Why Android's Dominance Is BadWhy Android's Dominance Is Bad
Google's Android platform grabbed a commanding 72% share of the smartphone market during the third quarter. That needs to change.
November 15, 2012
Windows Phone 8: Star Features
Windows Phone 8: Star Features (click image for larger view and for slideshow)
Google owns the smartphone space. With Android on nearly three out of every four smartphones sold during the third quarter, it has all but destroyed its competitors. The closest rival is Apple's iOS platform, which has a paltry 13.9% in comparison. The rest of the field? Fighting for Google and Apple's scraps.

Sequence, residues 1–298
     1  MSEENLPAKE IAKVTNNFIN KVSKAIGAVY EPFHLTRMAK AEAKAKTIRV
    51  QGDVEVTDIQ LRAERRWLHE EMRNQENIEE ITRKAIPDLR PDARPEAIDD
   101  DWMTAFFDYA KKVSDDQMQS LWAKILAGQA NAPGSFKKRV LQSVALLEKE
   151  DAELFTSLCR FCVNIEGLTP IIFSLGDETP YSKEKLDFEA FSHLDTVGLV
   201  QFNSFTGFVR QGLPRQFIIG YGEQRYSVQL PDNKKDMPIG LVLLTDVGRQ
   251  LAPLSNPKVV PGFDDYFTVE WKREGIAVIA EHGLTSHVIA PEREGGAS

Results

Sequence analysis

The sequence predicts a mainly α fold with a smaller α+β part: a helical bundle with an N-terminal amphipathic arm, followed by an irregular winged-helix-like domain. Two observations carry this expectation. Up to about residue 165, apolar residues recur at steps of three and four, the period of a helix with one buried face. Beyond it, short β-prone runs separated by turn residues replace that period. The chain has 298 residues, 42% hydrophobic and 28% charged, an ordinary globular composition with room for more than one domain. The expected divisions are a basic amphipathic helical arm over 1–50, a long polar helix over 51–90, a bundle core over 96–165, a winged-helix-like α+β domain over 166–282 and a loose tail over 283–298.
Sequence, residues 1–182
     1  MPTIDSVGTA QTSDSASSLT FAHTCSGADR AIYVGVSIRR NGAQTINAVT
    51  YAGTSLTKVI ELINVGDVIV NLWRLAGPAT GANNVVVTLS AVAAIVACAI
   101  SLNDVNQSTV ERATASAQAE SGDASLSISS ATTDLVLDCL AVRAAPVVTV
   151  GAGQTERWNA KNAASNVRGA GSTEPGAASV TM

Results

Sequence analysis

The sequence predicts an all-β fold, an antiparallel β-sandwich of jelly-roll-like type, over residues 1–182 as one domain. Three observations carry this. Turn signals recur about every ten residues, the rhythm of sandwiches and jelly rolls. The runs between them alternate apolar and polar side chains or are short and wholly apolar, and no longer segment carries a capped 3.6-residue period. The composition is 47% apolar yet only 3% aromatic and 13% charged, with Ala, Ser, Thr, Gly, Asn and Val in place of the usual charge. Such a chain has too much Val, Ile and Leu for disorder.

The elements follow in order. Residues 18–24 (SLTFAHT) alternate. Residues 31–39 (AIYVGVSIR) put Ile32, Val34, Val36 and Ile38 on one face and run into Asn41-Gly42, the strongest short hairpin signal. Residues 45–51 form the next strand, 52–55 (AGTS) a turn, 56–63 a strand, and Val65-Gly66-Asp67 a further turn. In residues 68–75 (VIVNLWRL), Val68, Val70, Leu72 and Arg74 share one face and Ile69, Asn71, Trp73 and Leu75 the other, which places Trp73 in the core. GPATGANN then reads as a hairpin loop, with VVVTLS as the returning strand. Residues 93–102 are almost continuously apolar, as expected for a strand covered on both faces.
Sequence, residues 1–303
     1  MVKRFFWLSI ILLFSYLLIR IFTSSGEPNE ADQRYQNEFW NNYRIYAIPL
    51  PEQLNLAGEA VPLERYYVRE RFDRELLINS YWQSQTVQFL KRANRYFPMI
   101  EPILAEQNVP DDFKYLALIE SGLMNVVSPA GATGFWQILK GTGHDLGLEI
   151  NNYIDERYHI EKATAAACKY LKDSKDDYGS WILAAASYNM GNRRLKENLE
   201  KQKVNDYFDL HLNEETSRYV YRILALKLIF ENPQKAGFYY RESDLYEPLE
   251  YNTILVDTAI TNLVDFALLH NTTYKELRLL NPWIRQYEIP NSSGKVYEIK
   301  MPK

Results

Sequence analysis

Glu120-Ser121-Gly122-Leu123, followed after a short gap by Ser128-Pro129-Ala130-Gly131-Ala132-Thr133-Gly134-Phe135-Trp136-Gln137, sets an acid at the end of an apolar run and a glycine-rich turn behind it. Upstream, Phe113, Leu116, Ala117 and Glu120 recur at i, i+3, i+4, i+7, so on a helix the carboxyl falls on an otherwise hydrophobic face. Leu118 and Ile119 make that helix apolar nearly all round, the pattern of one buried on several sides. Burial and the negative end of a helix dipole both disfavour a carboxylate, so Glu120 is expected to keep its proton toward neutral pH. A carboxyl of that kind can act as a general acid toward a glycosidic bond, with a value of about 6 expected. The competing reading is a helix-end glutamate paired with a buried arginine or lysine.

Gartner estimates that Google sold 122.5 million Android devices in the July - September period, doubling the 60.5 million it sold during the same period a year ago. That's massive growth, and it shows no signs of abating. Google says it is activating 1.3 million new Android handsets each and every day. Apple posted growth, too, boosting sales from 17.3 million iPhones a year ago to 23.6 million this year. But Apple actually lost market share, dropping from 15% to 13.9%. [ Is Windows Phone started to gain momentum in the market? Read Microsoft Phone Sales Jump 139% In Q3. ] Sales of BlackBerrys dropped from 12.7 million to 8.9 million, and RIM's market share collapsed from 11% to 5.3%. Bada, Samsung's proprietary smartphone platform (which most people have probably never even heard of), shipped 5 million units, giving it 3% of the smartphone market. That's more than Symbian and Windows Phone. Symbian plummeted from 16.9% a year ago to a meager 2.6% this year. Meanwhile, Microsoft's Windows Phone platform improved from 1.7% a year ago to 2.4% this year, with sales of just 4 million units during the third quarter of this year. Keep in mind, these are worldwide figures. In the U.S., the rankings are: Android, iOS, BlackBerry 7, and Windows Phone. But BlackBerry 7 and Windows Phone have such a small percentage of the market, they're almost not even in the game. And that's the problem. Google's Android platform has caught on like wildfire. Four years ago, it was a fledgling platform with one device -- a curiosity at best. Android and iOS together have destroyed the fortunes of Nokia and RIM. Nokia was the long-time top provider of smartphones, with RIM's BlackBerry behind it. Now, both companies are scrambling to survive. Android has successfully pushed the former market leaders face first into the dirt. Competition is good, but Android and iOS together have formed a smartphone duopoly of sorts. Combined, they own about 85% of the industry. The market can't support more than three or four real platforms, but whichever platforms take those third and fourth spots need to do better than taking just 5% from Apple and Google. Microsoft and RIM are both staging comebacks, but their potential for real success against these two juggernauts is uncertain. Windows Phone 8 is an excellent platform that deserves a spot on the pedestal with Android and iOS. We'll see just how competitive BlackBerry 10 is in a few months. The ecosystem strategy is the best approach. Google and Apple have vast ecosystems supporting their platforms. Microsoft is in a better position than RIM in this regard, as its ecosystem is much larger and already present in many homes and businesses thanks to Windows and XBox. But is it enough? Can WP8 really take a significant (>10%) piece of Google's Android pie? Can RIM, with BB10? I hope so. Time to patch your security policy to address people bringing their own mobile devices to work. Also in the new Holes In BYOD issue of Dark Reading: Metasploit creator HD Moore has five practical security tips for business travelers. (Free registration required.)
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